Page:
One thing that is very important for the reader to understand is that Vought was a very unique company. It was probably the only true “family” corporation in the Aerospace Industry. In this case, the term “family” means that all employees, at every level, shared in the good times and bad and each felt a personal obligation to produce the best possible product.
Like any successful family , the primary tenets of success were present: good leadership, respect for the leaders and mutual accountability. Good communication, the foundation for success of any endeavor, was a hallmark of Vought operations. Executives, Managers and workers alike, knew each other and dealt with issues face-to-face. President, Vice Presidents and Directors were more likely to be seen in the working areas than to be found in the industry norm, closeted in their offices. They knew what was going on, not only by attending staff meetings and telephone calls, but by being with the people and the products.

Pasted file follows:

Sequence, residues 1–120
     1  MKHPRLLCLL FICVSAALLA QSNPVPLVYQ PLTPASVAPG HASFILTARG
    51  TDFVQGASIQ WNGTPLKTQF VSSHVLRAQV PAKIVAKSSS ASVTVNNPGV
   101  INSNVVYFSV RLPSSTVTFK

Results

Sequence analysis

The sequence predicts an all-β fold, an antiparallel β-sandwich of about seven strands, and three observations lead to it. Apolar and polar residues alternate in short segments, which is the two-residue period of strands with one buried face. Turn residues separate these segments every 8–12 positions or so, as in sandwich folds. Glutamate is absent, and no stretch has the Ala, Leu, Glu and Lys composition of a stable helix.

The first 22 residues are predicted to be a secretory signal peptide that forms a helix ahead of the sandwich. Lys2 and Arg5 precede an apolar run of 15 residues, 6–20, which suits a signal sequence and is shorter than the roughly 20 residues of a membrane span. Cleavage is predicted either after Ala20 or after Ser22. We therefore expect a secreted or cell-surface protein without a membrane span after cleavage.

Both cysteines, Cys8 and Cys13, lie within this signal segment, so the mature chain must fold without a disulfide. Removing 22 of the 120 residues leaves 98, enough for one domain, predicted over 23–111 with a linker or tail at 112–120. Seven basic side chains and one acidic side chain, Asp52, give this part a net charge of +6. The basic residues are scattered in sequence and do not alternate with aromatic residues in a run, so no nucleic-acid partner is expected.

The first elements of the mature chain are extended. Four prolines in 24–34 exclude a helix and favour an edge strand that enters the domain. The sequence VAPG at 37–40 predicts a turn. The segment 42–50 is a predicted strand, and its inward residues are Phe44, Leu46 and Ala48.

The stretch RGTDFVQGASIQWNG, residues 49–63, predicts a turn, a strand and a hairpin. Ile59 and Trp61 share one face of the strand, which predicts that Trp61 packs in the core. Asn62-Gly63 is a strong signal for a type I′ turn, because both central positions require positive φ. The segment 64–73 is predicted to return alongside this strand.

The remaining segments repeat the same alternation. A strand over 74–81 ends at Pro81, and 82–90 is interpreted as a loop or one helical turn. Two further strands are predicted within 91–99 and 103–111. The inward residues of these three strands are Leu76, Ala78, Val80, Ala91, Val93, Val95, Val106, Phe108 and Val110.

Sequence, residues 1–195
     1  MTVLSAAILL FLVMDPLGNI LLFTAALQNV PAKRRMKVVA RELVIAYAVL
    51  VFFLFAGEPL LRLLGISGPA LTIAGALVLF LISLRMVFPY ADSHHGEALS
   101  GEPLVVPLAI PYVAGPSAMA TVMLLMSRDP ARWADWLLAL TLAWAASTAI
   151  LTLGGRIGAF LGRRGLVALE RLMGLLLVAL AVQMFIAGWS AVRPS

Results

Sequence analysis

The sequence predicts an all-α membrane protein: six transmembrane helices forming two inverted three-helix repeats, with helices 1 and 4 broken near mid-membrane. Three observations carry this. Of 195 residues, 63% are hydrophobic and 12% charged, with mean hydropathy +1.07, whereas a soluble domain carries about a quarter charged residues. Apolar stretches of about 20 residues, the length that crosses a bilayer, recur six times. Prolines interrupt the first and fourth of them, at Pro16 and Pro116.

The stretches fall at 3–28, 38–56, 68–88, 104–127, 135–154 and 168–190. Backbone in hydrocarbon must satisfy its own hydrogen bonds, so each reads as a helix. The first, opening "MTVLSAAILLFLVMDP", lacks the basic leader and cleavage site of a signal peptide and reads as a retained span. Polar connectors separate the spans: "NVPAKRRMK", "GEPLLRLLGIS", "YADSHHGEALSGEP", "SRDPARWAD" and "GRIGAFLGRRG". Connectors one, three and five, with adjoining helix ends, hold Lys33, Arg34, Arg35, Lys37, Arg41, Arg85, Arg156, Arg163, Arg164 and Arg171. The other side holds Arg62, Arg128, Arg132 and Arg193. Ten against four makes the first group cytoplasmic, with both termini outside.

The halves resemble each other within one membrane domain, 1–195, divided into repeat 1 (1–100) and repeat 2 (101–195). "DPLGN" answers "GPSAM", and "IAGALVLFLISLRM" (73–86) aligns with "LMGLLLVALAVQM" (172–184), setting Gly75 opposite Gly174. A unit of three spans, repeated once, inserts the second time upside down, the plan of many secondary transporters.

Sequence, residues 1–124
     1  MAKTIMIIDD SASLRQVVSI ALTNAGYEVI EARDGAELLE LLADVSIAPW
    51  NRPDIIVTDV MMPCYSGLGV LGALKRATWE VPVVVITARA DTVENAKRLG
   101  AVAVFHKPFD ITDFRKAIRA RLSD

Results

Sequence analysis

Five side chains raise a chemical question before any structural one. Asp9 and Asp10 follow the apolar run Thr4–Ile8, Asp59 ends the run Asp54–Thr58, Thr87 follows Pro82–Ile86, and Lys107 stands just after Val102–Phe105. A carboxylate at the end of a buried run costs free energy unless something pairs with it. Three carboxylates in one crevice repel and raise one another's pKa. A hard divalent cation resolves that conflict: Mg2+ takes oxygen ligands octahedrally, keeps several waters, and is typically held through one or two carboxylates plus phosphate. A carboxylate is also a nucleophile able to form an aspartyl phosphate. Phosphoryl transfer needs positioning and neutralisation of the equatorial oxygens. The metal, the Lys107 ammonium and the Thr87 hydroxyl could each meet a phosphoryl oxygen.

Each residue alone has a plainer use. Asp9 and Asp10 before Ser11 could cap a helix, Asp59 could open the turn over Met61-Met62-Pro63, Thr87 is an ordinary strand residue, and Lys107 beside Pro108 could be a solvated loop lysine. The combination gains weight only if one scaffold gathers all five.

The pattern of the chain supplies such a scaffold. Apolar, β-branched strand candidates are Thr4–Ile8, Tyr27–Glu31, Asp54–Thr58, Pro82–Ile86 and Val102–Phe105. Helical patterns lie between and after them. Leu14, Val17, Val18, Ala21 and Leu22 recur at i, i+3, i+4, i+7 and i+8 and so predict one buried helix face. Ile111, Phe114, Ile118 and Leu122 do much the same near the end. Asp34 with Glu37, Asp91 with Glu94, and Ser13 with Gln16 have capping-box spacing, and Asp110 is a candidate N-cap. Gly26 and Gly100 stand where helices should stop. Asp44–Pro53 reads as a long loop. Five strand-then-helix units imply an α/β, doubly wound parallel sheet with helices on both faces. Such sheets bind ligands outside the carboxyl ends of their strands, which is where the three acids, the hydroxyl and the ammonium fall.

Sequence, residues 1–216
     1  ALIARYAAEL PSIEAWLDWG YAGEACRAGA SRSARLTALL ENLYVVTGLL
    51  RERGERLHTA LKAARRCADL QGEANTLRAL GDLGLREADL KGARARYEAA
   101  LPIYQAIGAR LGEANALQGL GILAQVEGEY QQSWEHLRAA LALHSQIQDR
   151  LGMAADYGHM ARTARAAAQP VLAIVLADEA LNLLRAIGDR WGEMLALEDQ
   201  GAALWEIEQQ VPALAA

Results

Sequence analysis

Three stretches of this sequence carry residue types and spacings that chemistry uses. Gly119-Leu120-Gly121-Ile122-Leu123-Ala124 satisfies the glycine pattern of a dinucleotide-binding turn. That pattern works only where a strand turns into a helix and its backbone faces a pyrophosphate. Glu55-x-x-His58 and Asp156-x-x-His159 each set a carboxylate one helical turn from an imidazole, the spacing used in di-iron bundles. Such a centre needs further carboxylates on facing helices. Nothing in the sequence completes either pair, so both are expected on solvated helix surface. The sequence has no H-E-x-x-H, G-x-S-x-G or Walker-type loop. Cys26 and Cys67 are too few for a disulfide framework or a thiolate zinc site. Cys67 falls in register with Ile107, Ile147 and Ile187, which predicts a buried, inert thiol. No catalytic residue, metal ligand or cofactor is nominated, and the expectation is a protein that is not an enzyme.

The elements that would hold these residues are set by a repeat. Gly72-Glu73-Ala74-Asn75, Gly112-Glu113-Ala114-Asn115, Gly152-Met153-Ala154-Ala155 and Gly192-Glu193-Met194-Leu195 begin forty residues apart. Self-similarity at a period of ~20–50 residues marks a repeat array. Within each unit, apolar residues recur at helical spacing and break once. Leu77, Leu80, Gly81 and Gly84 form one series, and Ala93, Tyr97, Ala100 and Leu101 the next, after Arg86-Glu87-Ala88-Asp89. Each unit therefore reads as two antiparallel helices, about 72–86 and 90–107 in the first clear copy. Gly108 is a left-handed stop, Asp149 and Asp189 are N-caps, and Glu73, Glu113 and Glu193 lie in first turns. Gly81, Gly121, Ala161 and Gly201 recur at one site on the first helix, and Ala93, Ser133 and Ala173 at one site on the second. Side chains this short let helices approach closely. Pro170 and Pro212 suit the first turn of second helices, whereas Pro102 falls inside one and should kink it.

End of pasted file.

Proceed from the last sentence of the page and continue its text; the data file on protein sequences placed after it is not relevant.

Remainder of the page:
This was reflected in the trust that Management had in the workers by investing them with authority well beyond anything that their industry contemporaries might enjoy. They worked together in a way that a caring family does. On occasion, a worker might even air his views with the Chairman of the Board of the Corporation. While this was an infrequent occurrence, it was possible at Vought , an event most unlikely to take place in any other major corporation. This is what made the products successful and the employees happy, from top to bottom.
One of the primary information gathering devices for preparing the Vought history was to interview the Vought veterans. To the man, from Chairman of the Board to workers at all levels, they testified that the element of their employment they enjoyed and missed the most was the “family.”